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Thread: Best Alternative Intruments for Guitarists?

  1. #1
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    Best Alternative Intruments for Guitarists?

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    I think it's safe to say that most of us guitarists don't like the idea of suffering through the long journey of learning new fingerings and techniques in order to master a new instrument. I know I don't.
    Guitar is the only instrument I truely know how to play (I can also do simple bass and just enough keyboard to work with MIDI in recordings)
    I found myself pondering this question lately: What are some practical 6 (or 12) string alternative instruments that guitar players like me can easily pick up and use to add more diversity to recordings/performances? Could some of these options offer a practical solution to the "just one instrument" problem?

    Here are some possible options that come to mind...

    12-string guitar (a pretty obvious one...)

    Bass guitar. (although not a 6 or 12 string instrument, they are tuned like the first 4 guitar strings)

    Banjitar (6-string banjo)

    Veillette Avante Gryphon High-Tuned 12-String Acoustic Guitar (this one really intrigues me. It's designed to sound similar to a mandolin)

    Resonator guitar

    Baritone guitar

    So, which of these alternatives have you tried? How small was the learning curve coming from a guitar background? What are some other ideas?

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    You asking for yourself or just trying to create a discussion?
    If for yourself, just go try different stuff.
    For starters, on your existing guitar you can play with different tunings.
    Also, 3 and 4 string 'cigar box' guitars are a blast and offer a unique new sonic color for recording. I like open E and open G tunings.

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    Other suggestions might include pedal or lap steel, 3 string shovel and Chapman Stick. Plus I don't think anything could really stop you from taking an instrument typically tuned to fifths or whatever, and tuning it to fourths. Cello, mandolin... that sort of thing.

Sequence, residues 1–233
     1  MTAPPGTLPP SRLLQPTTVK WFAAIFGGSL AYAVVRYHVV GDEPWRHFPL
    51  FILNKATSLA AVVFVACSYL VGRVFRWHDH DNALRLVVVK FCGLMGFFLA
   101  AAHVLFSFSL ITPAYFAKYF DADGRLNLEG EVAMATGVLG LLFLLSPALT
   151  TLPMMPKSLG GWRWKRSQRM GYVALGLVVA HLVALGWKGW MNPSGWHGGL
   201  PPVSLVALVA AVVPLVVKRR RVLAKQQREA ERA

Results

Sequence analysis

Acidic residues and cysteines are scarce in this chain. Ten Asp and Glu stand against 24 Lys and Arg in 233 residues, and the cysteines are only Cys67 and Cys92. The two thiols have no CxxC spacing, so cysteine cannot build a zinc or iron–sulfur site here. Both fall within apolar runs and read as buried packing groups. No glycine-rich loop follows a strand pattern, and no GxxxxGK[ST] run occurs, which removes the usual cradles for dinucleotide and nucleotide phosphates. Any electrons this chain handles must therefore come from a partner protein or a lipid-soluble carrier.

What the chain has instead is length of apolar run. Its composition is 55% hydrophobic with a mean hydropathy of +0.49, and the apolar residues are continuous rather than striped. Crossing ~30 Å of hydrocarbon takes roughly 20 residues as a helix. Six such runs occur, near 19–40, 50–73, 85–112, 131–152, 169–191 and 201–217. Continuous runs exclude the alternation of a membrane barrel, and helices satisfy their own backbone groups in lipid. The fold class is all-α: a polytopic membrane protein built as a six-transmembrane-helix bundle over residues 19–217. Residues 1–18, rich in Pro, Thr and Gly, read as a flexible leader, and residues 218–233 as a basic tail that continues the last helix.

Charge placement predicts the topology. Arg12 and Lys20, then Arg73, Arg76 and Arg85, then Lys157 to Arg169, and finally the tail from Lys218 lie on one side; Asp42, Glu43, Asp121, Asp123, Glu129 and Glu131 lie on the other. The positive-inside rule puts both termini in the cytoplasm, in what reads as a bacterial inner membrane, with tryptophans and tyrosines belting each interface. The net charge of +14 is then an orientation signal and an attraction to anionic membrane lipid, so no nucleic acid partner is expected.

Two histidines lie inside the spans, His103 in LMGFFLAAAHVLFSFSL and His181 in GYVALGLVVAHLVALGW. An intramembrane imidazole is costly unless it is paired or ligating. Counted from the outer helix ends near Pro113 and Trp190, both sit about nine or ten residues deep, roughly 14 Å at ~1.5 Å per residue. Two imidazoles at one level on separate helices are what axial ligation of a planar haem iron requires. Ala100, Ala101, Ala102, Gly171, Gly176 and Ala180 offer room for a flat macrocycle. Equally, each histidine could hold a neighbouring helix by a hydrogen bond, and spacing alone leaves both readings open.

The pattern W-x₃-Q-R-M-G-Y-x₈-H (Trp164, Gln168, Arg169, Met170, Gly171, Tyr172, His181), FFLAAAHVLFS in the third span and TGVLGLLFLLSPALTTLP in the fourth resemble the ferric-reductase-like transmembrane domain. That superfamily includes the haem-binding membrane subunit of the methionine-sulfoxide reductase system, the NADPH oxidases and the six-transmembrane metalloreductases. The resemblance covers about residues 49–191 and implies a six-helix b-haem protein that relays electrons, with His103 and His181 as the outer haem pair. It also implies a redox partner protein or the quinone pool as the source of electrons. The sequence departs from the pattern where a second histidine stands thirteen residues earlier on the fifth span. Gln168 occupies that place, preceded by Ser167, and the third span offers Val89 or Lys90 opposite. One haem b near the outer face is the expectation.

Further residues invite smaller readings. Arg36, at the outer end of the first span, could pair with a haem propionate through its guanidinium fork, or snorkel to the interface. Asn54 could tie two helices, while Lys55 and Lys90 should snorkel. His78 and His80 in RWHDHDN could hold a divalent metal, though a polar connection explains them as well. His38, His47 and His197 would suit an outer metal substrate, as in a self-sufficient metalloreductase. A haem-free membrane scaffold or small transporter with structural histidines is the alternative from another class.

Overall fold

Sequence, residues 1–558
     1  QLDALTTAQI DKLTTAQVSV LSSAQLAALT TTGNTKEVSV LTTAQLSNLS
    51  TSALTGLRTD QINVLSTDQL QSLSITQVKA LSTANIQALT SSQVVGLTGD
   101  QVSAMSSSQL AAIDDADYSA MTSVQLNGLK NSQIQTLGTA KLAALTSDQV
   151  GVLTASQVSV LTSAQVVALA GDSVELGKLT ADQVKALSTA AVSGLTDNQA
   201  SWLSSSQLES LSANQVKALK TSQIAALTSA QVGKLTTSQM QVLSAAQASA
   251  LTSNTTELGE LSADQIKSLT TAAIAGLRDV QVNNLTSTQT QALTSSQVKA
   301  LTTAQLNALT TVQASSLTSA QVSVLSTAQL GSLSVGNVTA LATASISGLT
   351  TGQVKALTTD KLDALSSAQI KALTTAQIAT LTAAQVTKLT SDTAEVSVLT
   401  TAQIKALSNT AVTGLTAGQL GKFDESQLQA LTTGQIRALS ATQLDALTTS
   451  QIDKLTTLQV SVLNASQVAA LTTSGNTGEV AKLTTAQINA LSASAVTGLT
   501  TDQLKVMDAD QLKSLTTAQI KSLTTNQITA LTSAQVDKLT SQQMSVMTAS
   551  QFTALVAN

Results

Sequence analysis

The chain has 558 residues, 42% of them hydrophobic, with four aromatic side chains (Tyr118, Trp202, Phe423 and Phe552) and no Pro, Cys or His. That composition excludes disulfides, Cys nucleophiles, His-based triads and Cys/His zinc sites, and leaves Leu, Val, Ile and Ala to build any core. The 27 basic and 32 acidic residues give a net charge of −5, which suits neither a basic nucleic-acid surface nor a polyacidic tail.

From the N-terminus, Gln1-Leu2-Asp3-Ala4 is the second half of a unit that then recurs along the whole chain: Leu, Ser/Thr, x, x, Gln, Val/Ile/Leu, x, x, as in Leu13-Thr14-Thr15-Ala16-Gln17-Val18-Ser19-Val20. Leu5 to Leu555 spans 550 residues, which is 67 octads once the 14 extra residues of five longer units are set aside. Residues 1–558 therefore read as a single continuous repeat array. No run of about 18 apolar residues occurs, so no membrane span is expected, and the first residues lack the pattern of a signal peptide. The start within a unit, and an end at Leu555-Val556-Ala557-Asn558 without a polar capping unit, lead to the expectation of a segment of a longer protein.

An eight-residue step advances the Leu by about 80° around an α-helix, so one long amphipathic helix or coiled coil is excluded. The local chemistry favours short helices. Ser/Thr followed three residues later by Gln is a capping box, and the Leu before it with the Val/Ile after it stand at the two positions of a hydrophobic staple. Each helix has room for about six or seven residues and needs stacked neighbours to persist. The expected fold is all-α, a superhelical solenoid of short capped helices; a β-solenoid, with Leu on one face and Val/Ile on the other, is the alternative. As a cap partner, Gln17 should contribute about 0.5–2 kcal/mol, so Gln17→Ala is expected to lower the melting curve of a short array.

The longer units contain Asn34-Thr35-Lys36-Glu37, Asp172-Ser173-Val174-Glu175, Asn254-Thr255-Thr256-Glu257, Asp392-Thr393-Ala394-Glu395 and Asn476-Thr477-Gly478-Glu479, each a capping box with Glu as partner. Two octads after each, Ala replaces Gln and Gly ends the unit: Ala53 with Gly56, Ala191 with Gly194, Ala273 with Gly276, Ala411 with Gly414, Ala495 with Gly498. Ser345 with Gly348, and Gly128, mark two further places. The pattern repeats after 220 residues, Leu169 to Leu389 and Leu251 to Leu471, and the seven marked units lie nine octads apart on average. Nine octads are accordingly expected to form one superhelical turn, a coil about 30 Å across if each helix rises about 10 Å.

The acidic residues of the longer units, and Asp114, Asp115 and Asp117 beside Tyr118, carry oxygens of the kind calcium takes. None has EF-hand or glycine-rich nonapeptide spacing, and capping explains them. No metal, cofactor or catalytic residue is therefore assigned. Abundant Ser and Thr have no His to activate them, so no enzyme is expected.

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    I think a regular banjo. Yes, have to learn a little, but you already understand the basic concept of a standard pre-tuned instrument, not a big leap.
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    I bought a pedal steel about five years ago. I'm lucky that I've been able to pick up every instrument I've tried pretty quickly (bar brass - where I just can't stand the lip tickling) but the pedal steel is the hardest, most, complicated thing I have ever tried. Discovering that practically every player sets them up slightly differently means you are very much on your own. Mine has 4 pedals and two knee levers, and the combinations to get common chords is mega complicated the usual I/IV/V plus the Majors and minors, two kinds of 7ths, the 9ths and suspensions - but then you have to learn which of the many strings to use and which not to, then you have to do all the inversions to do the well known chord changes - changing the position of the slide, and your feet so you can for from Chord a to chord b in a multitude of ways. This hand position, with these pedals is this position with these. I've never more than scratched the surface. Guitar is so simple compared to it.

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    Mandolin, I tried cello and got the plucked easily enough but could never get the frog to sit properly so my bowing sucked. I learnt sax as a kid and I can still fake it a little but I have the same tickle problem with regular brass instruments . I have been thinking of getting a five string banjo, but from what I've heard the cheap ones aren't really worth buying and I don't really know if I want to invest 400+ on an instrument I won't play a lot. Eddie vedder just released a cd of Uke tunes, and last year there seemed to be a bit of a thing for Uke's . Not really my cup of tea, nor is pedal steel(makes me want to hit people when I hear it)
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    Ukulele has the same relative tuning as the high 4 strings on a guitar (except that one is octave jumped) so the fingerings are the same.

    As a method of artistic growth, it might be wise to go with something completely different. e.g. learn drums or vocals and see how much better you get at guitar because of it.

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    Or you could do the old Tommy Tedesco thing and tune all the odd stringed instruments like a guitar and play them. His trick though was to be able to play them like they are supposed to sound.
    Chord with this, Teddy......

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    Pick up a cheap acoustic with a decent neck , and string it with just the high strings from a 12 string set. The higher octave eadg with the normal b,e make some amazing chord variations that can be blended with a normal guitar. It sounds like a completely different instrument with 0 learning curve.

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    I suspect he gave up and moved on - it's pretty long dead as a topic.

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